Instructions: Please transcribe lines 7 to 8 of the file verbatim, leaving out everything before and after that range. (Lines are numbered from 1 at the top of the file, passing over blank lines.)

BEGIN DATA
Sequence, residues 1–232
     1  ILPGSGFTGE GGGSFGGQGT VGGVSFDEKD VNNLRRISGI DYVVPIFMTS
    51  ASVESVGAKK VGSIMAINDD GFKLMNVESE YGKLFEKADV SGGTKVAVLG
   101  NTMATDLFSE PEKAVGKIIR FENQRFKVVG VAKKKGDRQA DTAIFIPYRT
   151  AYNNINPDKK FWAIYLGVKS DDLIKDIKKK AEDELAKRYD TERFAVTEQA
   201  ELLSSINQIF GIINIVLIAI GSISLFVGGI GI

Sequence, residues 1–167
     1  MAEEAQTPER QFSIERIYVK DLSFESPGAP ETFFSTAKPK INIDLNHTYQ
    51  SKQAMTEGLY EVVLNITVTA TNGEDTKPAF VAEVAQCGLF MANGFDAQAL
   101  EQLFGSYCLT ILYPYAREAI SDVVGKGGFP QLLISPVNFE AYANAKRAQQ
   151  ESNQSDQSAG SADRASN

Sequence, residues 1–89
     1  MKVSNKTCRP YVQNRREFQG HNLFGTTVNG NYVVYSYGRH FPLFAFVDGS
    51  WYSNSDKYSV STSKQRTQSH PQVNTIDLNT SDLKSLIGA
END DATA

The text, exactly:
Sequence, residues 1–167
     1  MAEEAQTPER QFSIERIYVK DLSFESPGAP ETFFSTAKPK INIDLNHTYQ